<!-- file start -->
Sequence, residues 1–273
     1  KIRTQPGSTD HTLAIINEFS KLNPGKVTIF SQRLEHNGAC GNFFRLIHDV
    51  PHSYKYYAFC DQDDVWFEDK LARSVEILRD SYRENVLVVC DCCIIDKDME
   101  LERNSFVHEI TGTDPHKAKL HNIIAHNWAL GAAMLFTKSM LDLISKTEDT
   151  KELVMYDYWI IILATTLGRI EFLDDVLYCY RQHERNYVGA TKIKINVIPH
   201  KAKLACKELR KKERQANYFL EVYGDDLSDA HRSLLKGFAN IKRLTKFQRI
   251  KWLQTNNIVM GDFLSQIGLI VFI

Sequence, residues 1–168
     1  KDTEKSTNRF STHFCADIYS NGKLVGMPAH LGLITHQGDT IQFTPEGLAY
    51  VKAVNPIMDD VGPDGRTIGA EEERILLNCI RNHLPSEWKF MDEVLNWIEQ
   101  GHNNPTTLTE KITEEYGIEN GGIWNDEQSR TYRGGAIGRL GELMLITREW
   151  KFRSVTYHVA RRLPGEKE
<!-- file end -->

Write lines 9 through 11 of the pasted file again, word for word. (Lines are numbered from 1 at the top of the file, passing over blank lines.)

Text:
     1  KDTEKSTNRF STHFCADIYS NGKLVGMPAH LGLITHQGDT IQFTPEGLAY
    51  VKAVNPIMDD VGPDGRTIGA EEERILLNCI RNHLPSEWKF MDEVLNWIEQ
   101  GHNNPTTLTE KITEEYGIEN GGIWNDEQSR TYRGGAIGRL GELMLITREW